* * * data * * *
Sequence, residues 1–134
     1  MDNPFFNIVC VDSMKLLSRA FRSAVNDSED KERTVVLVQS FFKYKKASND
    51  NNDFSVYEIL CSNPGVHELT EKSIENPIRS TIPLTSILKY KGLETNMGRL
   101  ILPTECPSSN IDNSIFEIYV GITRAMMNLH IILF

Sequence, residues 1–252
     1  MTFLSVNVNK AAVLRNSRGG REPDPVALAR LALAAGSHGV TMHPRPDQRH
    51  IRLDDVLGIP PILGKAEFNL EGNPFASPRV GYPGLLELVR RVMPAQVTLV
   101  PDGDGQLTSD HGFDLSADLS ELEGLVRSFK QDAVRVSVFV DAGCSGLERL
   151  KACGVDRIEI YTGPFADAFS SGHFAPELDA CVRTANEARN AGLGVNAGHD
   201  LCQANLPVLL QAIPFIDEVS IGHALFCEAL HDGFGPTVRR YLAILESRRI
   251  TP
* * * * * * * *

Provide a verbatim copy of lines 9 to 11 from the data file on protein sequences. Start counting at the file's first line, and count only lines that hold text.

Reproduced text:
   151  KACGVDRIEI YTGPFADAFS SGHFAPELDA CVRTANEARN AGLGVNAGHD
   201  LCQANLPVLL QAIPFIDEVS IGHALFCEAL HDGFGPTVRR YLAILESRRI
   251  TP